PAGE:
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The Old City of Jerusalem

Posted by aviel on May 19, 2012

Thursday night the family took me to the Old City and the Western Wall (aka the Kotel). I always loved visiting the Old City at night. Somehow it makes it almost a magical experience. The walls around it are well-lit and the atmosphere calm, quiet and peaceful. Walking on the stone-paved streets, sometimes with a view of the City of David, is a wonderful experience. Now I’m going to stop myself from writing something cheesy about sensing the history in every stone, but that is pretty much what it feels like (note that I still wrote it).

The Western Wall

As we arrived at the Western Wall we saw a lot of soldiers. The Nahal Brigade had a ceremony where the relatively new recruits swear allegiance to Israel and the army. It brought back a lot of memories; of myself standing there in 2007 swearing the same oath, being both proud and full of expectations. Now I was thinking that the soldiers don’t really know what a pleasant experience the army can be. Not that I’m complaining. I already complained enough for a life-time. Still, the army for me was also a good experience. Interesting. And at times even wonderful. But I remember too well my personal frustration of being older than everybody and from a different cultural background. I suppose that won’t really apply to most of those recruits who are Israelis, but I’m pretty sure it’s not going to be all bliss for them either. Still, I wish them the best of luck. 🙂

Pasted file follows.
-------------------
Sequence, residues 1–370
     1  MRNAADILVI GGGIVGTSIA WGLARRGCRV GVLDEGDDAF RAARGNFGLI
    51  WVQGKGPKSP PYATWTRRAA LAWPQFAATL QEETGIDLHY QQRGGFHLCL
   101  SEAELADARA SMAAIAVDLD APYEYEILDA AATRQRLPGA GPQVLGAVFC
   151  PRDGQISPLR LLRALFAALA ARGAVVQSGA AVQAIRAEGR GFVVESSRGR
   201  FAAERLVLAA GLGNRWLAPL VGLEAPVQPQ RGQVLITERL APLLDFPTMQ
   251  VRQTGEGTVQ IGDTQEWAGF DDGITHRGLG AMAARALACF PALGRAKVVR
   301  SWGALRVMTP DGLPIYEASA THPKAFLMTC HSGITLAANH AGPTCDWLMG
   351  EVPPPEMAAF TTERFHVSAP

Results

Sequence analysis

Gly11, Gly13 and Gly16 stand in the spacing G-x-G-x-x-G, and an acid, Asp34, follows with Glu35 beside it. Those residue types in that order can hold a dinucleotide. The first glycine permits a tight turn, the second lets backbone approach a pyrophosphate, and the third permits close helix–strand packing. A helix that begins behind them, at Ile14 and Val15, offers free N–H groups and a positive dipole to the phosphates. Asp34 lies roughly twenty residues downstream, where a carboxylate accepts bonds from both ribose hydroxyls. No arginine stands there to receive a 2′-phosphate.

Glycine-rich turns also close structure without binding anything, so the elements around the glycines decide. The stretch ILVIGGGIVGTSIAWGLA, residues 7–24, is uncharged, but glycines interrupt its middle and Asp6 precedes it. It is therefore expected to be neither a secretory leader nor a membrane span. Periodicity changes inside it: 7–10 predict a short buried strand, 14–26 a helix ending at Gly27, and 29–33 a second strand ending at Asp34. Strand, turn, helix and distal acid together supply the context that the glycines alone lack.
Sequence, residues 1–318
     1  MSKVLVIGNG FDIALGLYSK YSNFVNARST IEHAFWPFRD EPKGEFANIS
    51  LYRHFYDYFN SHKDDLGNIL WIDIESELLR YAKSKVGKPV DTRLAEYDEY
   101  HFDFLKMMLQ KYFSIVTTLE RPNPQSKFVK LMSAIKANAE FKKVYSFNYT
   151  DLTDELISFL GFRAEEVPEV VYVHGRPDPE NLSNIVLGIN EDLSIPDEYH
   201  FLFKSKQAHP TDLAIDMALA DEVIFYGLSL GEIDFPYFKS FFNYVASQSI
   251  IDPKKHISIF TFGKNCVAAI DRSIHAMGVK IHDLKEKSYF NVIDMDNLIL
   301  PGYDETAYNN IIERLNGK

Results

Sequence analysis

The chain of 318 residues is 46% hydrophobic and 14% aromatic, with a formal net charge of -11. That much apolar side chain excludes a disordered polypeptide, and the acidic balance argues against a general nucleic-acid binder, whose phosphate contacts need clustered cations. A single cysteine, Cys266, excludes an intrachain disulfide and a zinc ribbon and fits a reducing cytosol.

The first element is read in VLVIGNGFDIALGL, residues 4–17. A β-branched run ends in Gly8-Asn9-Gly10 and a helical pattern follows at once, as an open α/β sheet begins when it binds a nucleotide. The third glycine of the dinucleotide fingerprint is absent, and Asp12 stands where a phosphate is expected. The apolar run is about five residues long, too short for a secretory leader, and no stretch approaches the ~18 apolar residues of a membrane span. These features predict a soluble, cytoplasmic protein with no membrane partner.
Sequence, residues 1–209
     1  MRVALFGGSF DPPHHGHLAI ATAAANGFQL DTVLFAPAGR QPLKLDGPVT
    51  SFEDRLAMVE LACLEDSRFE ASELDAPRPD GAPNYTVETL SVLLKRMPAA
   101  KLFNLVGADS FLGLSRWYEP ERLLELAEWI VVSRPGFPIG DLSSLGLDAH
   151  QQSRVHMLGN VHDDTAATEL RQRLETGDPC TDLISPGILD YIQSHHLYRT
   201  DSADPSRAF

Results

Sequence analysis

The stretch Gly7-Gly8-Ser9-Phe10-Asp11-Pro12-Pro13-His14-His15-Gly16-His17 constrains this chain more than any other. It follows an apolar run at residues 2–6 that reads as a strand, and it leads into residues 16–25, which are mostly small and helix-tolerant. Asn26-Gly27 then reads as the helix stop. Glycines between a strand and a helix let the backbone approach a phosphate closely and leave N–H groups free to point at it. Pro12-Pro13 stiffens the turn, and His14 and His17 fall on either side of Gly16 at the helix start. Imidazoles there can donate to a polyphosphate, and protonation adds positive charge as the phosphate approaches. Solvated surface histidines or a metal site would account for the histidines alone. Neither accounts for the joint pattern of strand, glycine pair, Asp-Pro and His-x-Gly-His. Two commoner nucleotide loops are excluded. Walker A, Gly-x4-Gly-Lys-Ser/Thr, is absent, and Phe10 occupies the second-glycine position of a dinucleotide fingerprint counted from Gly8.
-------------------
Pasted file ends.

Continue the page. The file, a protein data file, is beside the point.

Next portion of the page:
The ceremony on the Western Wall plaza

The Western Wall plaza was really crowded that night. All the families and friends of the soldiers were there celebrating and it was really touching. While touching the Western Wall and experiencing the kind of moment when all the pieces of your life seem to come together, all the people started singing the national anthem, the Hatikva (the Hope). I started singing with them and it was deeply moving. The coincidence of this happening on my first visit to the Western Wall is nothing but startling. A religious person would find a special meaning in it, but Orly, my hostess, joked about how hard it was to arrange this thing with all the soldiers. I joked back and asked why she decided to bring the Nahal soldiers, perhaps the Paratroops were too busy doing serious work? 🙂

At the Western Wall


Later that night, after purposefully wandering around the Old City (Eitan won’t admit we got lost), they took me out for dinner in Ein Karem. It’s a place on the outskirts of Jerusalem, in the hills, full of really nice restaurants. I had my fill of focaccia, pasta and beer. That night I decided I badly needed to go running again, especially considering my experience with the Shabbat dinners they make here. 🙂


2 Responses to “The Old City of Jerusalem”

  1. Richard said

    Kul att du börjat blogga igen. För oss som bara besöker, och inte bor, i Israel är alla rapporter roliga att läsa 🙂

  2. Richard said

    Fantastisk stämning. Kul att du börjat blogga igen. För oss som bara besöker, men inte bor, i Israel är alla rapporter värdefulla 🙂

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